A study has found an interesting link between a donor's diet before blood donation and allergic transfusion reactions (ATRs) in recipients, particularly among children.

Blood transfusions are essential for saving lives in cases of severe blood loss from surgery, trauma, or specific blood disorders like anemia and sickle cell disease. However, up to 2% of transfusions can lead to potentially life-threatening allergic transfusion reactions (ATRs). These reactions, which are hypersensitivity responses to blood products, especially platelets and plasma, have an unknown exact mechanism.

In the study published online in the journal Allergy, researchers explored the connection between allergic transfusion reactions (ATRs) and food allergies. They discovered that allergens present in the donor's blood due to their pre-donation diet could potentially induce the condition.

"In our previous study, we found that pediatric patients with food allergies were characteristically more prone to ATRs. Considering that food allergies are also more prevalent in children, we decided to investigate whether the food the donor ate before giving blood could be associated with the development of ATRs in children with food allergies," said Dr. Ryu Yanagisawa of Shinshu University Hospital, Japan, who lead the study.

During the study conducted between May 2022 and December 2023, the researchers collected blood samples from over 100 children with known allergies to eggs, wheat, or milk. They also retrieved blood from two healthy donors before and after eating large amounts of these foods and extracted the serum.

After collecting blood from each allergic patient, the researchers conducted basophil activation tests (BATs) to evaluate the activation of basophils, a type of white blood cell involved in allergic reactions. This was conducted by exposing the samples to the corresponding serum.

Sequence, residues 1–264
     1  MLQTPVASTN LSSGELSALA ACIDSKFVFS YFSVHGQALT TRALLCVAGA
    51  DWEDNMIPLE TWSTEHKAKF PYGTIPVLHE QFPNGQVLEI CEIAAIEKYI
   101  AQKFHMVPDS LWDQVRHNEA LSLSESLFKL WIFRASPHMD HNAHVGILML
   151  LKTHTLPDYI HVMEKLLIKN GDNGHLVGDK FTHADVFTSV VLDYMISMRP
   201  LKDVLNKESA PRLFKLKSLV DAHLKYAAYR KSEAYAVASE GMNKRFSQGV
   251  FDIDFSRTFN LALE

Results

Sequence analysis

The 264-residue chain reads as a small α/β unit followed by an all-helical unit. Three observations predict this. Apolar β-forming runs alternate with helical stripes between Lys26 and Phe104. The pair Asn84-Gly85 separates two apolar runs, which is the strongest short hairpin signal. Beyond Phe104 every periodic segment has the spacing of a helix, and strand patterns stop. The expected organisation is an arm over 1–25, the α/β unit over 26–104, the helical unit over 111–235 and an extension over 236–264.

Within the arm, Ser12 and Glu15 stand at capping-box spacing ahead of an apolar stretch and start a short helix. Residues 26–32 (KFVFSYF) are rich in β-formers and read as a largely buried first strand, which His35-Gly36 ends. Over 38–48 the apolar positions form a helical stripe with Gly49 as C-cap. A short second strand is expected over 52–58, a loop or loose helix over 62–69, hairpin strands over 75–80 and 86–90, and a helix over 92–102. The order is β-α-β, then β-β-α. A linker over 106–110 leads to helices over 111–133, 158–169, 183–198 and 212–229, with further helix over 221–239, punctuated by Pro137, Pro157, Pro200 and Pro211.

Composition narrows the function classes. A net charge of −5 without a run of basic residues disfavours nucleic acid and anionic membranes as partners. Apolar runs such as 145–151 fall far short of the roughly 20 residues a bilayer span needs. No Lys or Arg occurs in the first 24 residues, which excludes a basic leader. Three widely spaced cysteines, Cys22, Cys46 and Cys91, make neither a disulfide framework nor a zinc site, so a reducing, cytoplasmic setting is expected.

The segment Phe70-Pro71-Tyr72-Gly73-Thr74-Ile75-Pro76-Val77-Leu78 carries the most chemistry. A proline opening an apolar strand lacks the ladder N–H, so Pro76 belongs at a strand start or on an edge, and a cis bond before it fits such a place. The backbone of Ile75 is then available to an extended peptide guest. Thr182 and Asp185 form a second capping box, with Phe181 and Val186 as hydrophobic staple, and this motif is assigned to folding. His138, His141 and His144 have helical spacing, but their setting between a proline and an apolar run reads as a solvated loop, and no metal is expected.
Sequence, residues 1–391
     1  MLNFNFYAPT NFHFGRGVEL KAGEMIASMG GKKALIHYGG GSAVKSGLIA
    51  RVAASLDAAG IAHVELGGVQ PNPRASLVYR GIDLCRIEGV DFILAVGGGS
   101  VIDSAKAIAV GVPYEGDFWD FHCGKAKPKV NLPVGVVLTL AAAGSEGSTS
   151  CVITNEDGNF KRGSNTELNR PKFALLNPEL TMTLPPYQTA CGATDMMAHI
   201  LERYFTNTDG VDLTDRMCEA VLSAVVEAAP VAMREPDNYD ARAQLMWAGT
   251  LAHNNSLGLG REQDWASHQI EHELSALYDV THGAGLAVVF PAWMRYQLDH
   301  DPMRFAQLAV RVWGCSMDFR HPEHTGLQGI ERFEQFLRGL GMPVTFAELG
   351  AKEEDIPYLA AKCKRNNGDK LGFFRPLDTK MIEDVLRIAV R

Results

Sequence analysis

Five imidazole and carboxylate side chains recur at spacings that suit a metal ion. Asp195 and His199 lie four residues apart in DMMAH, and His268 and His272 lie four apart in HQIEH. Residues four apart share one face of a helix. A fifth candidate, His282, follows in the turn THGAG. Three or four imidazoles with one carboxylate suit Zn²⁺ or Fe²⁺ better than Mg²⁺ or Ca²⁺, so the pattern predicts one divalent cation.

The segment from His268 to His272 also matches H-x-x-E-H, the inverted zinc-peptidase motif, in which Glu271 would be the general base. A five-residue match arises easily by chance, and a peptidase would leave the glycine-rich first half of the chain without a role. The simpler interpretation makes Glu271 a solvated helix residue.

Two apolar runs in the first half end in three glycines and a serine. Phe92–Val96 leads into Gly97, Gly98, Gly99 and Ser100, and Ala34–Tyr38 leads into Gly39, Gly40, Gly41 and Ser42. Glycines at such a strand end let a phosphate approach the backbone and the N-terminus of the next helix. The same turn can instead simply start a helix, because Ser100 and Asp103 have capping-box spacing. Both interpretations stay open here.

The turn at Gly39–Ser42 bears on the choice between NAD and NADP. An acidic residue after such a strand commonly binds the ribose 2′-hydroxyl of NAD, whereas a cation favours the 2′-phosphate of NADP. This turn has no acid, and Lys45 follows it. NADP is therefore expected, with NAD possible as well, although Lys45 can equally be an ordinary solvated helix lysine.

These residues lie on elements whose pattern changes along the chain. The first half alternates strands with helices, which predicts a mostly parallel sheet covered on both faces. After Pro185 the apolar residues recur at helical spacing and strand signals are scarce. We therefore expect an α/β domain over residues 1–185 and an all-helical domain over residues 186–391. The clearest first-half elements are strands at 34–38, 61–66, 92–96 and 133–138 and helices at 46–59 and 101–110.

The results of BATs showed that in patients allergic to eggs, the basophil levels increased when their blood got exposed to serum from donors who had consumed eggs. Additionally, serum collected from donors four hours after eating eggs led to significantly higher BAT levels compared to samples collected two hours after ingestion.

However, the results for milk and wheat allergies varied. In these cases, elevated BAT levels were seen only after exposure to serum from one of the two donors.

For better understanding and to gain more weight to the results, BATs from 16 additional donors were also investigated. The researchers then concluded that "if a patient has a food allergy, allergens in the food consumed by the donor before blood donation may contribute to the development of ATRs."

"Although some differences were observed among donors, blood samples obtained after egg ingestion generally activated basophils in cases of egg allergy with high egg white­-specific IgE levels. Similarly, elevated BAT levels in patients with milk and wheat allergies were also associated with allergen­-specific IgE levels," said Dr. Yanagisawa.

Although further research is required to confirm the results with more certainty, the researchers hope their current study will be a crucial first step toward understanding the underlying mechanism of ATRs.

"In the future, it could be possible to predict in advance who is likely to suffer from an ATR. Given enough time, preventive measures and countermeasures to ATRs could be developed, leading to safer blood transfusions," Dr. Yanagisawa said.